Updated on 16 September 2014
Ebola, being a rare disease, it was hard to attract investments for research
Singapore: Global experts have commented that the lack of adequate funding was a major drawback that discouraged research to develop medical interventions for potentially lethal diseases like Ebola. Experts opine that Ebola being a rare disease, it was hard to attract investments to hunt for a vaccine or a cure.
Professor Peter Piot, director of the London School of Hygiene and Tropical Medicine, who co-discovered the Ebola virus in 1976, said that until this West African outbreak, Ebola was a very rare disease and not a public health problem.
Mr Sylvain Baize, in charge of the Viral Hemorrhagic Fevers Reference Center, France's Pasteur Institute said, "Highly sophisticated P4 labs were necessary for Ebola research due to its extreme lethality. Lack of many P4 labs and qualified personnel to handle such potent viruses too slowed the research."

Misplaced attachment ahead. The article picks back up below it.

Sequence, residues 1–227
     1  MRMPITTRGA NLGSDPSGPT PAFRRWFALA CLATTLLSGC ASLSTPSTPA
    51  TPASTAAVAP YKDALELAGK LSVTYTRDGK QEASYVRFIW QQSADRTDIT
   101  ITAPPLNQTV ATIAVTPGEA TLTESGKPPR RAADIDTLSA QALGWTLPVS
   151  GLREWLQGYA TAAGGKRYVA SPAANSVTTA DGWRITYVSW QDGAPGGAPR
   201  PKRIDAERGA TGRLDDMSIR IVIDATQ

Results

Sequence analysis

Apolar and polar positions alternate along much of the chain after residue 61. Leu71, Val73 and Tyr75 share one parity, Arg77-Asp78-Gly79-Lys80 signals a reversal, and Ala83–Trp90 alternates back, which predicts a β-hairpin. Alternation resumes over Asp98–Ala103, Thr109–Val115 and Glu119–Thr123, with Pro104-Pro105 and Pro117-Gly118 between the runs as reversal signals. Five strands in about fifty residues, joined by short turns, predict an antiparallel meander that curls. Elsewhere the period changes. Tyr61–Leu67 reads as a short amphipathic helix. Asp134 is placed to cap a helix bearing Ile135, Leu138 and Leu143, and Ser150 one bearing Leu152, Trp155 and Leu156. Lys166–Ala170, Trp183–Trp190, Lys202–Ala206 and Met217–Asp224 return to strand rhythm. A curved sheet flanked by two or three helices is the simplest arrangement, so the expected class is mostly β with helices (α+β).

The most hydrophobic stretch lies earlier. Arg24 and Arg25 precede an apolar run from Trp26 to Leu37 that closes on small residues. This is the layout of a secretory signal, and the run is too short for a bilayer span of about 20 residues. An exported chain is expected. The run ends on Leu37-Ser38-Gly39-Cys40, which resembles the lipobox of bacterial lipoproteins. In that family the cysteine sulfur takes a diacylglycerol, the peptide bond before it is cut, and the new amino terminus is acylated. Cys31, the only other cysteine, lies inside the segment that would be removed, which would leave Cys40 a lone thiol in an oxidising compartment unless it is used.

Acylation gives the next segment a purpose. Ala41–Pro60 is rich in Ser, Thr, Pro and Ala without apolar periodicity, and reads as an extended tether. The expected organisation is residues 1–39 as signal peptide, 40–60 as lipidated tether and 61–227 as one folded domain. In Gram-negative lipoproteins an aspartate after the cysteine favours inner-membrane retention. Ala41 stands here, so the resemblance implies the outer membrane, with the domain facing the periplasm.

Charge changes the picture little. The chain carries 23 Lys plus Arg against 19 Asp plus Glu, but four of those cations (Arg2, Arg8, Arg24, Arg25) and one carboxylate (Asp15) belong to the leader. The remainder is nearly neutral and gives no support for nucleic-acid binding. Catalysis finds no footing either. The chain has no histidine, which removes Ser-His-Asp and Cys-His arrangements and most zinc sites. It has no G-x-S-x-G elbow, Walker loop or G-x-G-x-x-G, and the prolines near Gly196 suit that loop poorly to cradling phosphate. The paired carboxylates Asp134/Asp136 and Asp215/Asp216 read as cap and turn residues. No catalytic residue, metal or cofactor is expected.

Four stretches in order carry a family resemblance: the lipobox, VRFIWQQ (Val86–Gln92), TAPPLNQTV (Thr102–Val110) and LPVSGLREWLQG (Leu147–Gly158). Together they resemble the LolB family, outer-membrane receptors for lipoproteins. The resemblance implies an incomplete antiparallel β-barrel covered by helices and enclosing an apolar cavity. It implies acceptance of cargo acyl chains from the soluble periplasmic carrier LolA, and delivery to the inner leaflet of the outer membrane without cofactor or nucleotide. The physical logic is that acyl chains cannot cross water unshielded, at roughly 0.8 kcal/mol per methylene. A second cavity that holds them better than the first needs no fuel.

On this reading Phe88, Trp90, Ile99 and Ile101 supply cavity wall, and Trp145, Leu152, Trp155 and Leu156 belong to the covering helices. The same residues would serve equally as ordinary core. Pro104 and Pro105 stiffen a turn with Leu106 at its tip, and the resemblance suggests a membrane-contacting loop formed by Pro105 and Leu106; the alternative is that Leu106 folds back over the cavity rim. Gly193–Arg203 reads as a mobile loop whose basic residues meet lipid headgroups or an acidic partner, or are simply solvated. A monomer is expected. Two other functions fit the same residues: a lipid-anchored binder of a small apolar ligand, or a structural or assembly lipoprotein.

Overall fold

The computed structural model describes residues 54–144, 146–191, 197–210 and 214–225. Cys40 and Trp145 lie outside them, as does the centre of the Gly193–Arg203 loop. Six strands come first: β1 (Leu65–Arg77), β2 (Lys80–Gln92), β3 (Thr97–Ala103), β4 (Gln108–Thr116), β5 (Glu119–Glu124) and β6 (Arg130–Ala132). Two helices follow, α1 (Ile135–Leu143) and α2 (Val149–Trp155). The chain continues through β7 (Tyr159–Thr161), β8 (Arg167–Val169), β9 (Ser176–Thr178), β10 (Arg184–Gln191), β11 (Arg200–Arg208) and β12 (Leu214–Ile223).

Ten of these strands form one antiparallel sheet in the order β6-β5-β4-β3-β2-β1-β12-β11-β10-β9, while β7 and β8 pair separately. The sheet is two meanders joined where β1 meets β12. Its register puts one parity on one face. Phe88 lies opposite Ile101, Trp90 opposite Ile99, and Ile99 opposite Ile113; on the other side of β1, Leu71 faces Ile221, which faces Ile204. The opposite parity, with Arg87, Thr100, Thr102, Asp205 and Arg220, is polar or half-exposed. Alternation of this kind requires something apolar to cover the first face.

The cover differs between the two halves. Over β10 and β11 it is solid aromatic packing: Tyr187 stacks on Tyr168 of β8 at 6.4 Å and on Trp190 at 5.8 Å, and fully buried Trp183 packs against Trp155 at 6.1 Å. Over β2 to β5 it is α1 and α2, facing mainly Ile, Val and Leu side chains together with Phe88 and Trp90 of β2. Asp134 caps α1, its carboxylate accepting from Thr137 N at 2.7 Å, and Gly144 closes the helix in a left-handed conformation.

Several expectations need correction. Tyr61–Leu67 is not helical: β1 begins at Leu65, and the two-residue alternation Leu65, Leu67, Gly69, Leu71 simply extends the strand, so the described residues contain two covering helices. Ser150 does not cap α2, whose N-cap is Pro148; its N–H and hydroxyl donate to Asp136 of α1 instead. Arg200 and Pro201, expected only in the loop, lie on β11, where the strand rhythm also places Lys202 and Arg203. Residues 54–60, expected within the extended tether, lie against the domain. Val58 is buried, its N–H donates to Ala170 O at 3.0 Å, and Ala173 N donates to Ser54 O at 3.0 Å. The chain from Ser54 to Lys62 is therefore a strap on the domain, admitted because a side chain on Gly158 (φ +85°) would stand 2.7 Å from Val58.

Prof Piot added many pharmaceuticals are now engaged in hunting a vaccine and that FDA has fast-tracked the process of drug development, given the deteriorating conditions in West Africa.
Mr Seth Berkley, head of the GAVI Alliance, a public-private partnership designed to bring vaccines to poor countries, said that incentives must be offered to pharma companies to encourage drug discovery for such rare and lethal outbreaks.
He added,"There are many ways to handle this. You can directly finance the vaccine technology transfer, you can provide incentives to companies by funding them directly, you can create an advanced market commitment with supplemental funds to try to make it a good deal for business, you can create a long-term plan for buying the vaccines as an incentive."
Mr Berkley said that such aids will encourage many companies to develop drugs for such potent viruses, which if left unattended, may wipe out the world.